The development of Global Scale

Monday, May 22, 2017| Tags:

The architecture of Nextcloud is a classic Web Application architecture. I picked this architecture 7.5 years ago because it is very well known and is proven to be scaled relatively easily. This usually works with off the shelf technologies like http load balancers, clusters of Linux webservers and clustered databases.

But for many years users and customers asked for ways to distribute a single instance over several datacenters. A lot of users and customers run organizations that are not in one office or sometimes not even in one country or on one continent. So how can the service run distributed over different hosting centers on different continents?

Until now there was no good answer for this requirement.

Over the years I talked with users who experimented with different approaches. Unfortunately, they all didn’t work.

If you talk to storage people how to solve this challenge they say: No problem. Just use a distributed storage system like Gluster, Ceph, Hadoop or other.

If you talk to database people and how to do this they say: No problem! Just use one of the cluster and replication systems for Oracle, MySQL, MariaDB and others.

The challenge is how this all works together. If a user changes a file in Nextcloud then it is necessary that the file is changed, potential encryption keys are updated, log files are written, database tables are changed, email notification are sent, external workflow scripts are executed and a lot of other things happen. All these operations that are triggered by a single file change have to happen in an atomic way. It happens completely or not at all. Using database replication and storage replication independently will lead to a broken state and data loss. Additional problems are that you need the full bandwidth and storage in all data centers. So there is a lot of overhead.

The Global Scale architecture, that we designed, is currently the only solution, as far as I know, which solves this challenge.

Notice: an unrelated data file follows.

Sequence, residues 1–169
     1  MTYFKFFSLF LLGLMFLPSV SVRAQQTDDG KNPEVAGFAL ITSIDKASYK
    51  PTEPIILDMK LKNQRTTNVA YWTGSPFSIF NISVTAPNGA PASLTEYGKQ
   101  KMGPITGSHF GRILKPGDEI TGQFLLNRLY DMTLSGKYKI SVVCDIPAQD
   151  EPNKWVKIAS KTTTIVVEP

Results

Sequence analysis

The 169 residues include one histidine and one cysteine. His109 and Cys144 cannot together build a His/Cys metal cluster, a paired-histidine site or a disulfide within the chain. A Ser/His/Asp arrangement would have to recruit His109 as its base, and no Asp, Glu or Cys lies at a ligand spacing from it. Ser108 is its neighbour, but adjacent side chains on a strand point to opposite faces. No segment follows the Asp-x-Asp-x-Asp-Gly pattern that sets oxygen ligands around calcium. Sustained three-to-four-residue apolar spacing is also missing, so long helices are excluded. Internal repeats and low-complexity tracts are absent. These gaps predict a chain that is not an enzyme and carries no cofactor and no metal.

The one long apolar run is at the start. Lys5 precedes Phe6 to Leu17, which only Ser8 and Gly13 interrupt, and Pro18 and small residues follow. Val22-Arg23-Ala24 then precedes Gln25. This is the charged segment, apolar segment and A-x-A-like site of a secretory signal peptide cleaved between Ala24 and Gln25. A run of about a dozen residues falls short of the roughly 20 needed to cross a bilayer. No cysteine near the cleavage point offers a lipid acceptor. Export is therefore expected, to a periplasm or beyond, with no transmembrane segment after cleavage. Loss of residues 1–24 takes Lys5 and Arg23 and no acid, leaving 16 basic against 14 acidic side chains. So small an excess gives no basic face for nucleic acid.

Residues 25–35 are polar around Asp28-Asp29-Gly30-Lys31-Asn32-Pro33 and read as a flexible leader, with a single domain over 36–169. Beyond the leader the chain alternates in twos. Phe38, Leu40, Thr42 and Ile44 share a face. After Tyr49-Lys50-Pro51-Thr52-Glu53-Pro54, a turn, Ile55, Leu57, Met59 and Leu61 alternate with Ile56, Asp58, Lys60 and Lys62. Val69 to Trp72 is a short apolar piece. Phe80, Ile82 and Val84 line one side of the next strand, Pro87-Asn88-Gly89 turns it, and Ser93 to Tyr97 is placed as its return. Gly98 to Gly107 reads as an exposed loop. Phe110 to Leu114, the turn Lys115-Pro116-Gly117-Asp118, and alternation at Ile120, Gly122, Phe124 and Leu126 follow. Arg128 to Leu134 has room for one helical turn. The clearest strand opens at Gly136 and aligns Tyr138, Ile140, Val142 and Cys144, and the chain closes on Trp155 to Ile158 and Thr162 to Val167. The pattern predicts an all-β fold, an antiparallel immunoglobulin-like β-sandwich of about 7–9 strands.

Additional benefits are that the storage and database and overall operational costs decreases because simpler, commodity and more standard components can be used.

Another benefit is that the locality of data can be controlled. So if it is a legal requirement that certain files never leave a certain jurisdiction then this can be guaranteed with the right GS Balancer and File Access Control settings.

So far I only talk about the benefit that GS breaks a service down into several data centers. This is only half of the truth. Nextcloud Global Scale can be used in an even more radical way. You could stop using clustered Nextcloud instances in general. Killing all central storage boxes and databases and move completely to commodity hardware. Using only local storage and local databases and local caching. This changes the world completely and makes big storages, SAN, NFS and object store boxes completely obsolete.

The Global Scale architecture idea and implementation were developed over the last year with feedback and ideas from many different people. Storage experts, Database vendors, Linux distribution people, container and orchestration experts for easy automatic deployment and several big customers and users of Nextcloud.

The main inspiration came out of long discussions with the people at DeiC are running the National Research and Education Network of Denmark. DeiC was doing successful experiments with a similar architecture for a while already.

At Nextcloud we are committed to develop everything we do as open source. This includes this feature. Also, if you want to contribute to this architecture then no Contributer License Agreement is needed and you don’t need to transfer any rights to the Nextcloud company.

More information about Nextcloud Global Scale can be found here:


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